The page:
12. Community & Service Learning: Parents increasingly expect colleges to encourage their children to participate in what Frances Moore Lappe calls citizen democracy and citizen politics. Community and service learning projects teach students empowerment through action, agency in the public realm and personal responsibility for shaping the future of society. Parents want proof that colleges will impart this on their children by reading the stories of current students engaged with community, service and experiential learning projects. Vow to support these initiatives.
Colleges form solid citizens of the future with a sense of soul-centered agency.
13. Fundraising via Friend Raising: According to Jim Langley of Langley Innovations, successful fundraising operations are powered by affiliation, agency, appreciation and accountability. Since endowment income is the second most important source of college revenue, be prepared to play the role of a visionary, recruiter, persuader and a fundraiser in your next capital campaign. Ensure that vice president of student experience creates a participative culture for students. Motivate your vice president for advancement and provost to create a culture of giving by inviting alumni and friends to help shape the institutional future. Foster alumni engagement by accepting whatever they are willing to give: their time, treasure or talent. Sustain right, tight and bright communications with alumni and friends. Consider initiating a heroic capital campaign as a next natural step of your ongoing relationships to deliver greater good for society.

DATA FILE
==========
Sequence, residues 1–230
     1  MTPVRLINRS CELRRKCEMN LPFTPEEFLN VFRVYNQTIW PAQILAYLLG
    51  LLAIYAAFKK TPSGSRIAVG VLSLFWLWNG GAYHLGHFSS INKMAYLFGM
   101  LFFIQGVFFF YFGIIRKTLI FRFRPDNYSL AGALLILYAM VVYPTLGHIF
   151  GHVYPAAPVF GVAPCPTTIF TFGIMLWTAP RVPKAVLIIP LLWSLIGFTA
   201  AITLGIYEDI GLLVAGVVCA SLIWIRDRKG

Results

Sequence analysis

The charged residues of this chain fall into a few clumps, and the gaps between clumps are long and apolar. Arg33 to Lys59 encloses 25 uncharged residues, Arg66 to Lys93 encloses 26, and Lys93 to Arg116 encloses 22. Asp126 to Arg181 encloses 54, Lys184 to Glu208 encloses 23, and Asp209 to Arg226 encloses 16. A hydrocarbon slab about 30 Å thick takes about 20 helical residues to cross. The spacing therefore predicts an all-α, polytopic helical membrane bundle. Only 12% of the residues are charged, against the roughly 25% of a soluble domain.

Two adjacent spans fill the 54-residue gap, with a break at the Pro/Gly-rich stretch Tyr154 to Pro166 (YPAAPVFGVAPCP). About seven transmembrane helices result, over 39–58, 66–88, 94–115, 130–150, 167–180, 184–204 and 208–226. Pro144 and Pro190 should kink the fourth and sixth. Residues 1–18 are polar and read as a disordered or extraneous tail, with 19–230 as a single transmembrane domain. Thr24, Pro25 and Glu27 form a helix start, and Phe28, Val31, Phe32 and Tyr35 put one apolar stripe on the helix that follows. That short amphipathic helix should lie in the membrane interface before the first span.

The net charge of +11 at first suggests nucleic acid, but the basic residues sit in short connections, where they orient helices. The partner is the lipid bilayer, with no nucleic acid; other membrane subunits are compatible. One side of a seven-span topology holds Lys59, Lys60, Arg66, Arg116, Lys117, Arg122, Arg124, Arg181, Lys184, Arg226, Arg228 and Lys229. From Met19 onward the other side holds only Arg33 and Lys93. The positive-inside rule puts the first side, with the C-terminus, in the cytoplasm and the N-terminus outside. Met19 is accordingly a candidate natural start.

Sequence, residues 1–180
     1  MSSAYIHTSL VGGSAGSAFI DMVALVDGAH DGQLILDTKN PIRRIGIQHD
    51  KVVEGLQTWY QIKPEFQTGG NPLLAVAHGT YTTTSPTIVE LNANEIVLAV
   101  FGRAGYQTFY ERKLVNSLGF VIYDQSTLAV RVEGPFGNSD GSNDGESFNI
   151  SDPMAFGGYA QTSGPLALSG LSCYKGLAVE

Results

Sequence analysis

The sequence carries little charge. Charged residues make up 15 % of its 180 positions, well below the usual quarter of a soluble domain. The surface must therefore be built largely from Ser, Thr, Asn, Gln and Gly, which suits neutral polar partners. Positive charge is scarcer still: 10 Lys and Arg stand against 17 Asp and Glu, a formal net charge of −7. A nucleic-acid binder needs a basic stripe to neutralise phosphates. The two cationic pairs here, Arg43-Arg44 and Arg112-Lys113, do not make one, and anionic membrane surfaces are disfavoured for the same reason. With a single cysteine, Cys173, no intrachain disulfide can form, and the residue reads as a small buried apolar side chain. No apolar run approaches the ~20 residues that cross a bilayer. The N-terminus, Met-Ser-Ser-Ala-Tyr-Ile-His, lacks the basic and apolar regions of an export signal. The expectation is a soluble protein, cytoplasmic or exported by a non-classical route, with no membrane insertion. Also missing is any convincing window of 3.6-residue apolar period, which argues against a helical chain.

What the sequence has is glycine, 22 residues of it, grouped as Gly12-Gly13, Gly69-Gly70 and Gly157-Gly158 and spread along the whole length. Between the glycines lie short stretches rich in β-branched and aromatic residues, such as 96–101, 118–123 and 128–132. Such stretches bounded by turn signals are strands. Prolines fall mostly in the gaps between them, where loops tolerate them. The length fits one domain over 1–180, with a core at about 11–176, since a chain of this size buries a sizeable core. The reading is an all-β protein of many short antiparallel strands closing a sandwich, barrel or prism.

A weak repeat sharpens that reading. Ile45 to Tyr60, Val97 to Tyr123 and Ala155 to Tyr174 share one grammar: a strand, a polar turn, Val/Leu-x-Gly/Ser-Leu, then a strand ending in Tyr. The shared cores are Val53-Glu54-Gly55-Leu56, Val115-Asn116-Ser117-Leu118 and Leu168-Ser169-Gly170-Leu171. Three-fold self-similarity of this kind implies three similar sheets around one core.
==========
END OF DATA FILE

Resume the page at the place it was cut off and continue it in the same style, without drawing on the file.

Your giving rate and endowment war-chest will determine your college’s future.
14. Activist Boards: An institution is as strong as its board of stewardship. Form an enviable board of trustees willing to actively lean in to help you create an institutional inflection point.
Shape a balanced board comprised of philanthropists, operational experts and thought leaders.
15. Community Relationships: As government research funding has dried up, corporations, civic organizations and alumni-led entrepreneurial companies have stepped in to form the the third source of college revenue. Colleges live in an ecosystem of mutually beneficial relationships with these natural allies. Creating porous walls between the institution and these natural allies is an integral part of the job of the president and the provost.
These allies can create opportunities for forming new institutional trajectories.
16. Metrics That Matter: As management guru Peter Drucker said, “You can’t manage what you can’t measure.” Create a culture of disciplined accountability with a shared dashboard of key performance indicators. For each organizational unit, mutually define a set of essential metrics that truly matter.
To achieve results, hold your people accountable for realizing their measurable goals.
Many college presidents have observed that their responsibilities rival those of a city mayor. Just as city mayors pursue growth in revenue, rankings and reputation, college presidents pursue the same goals. They do this by setting strategic direction, advocating big ideas, building allies, garnering revenue, betting on champions, celebrating heroes, administering day-to-day operations and upholding ideals. Orchestrated artfully, the new presidents have a fighting chance at flourishing in their new role, bringing prosperity to their colleges and leaving a legacy for the history books.
Learn more about Elliance higher education marketing services.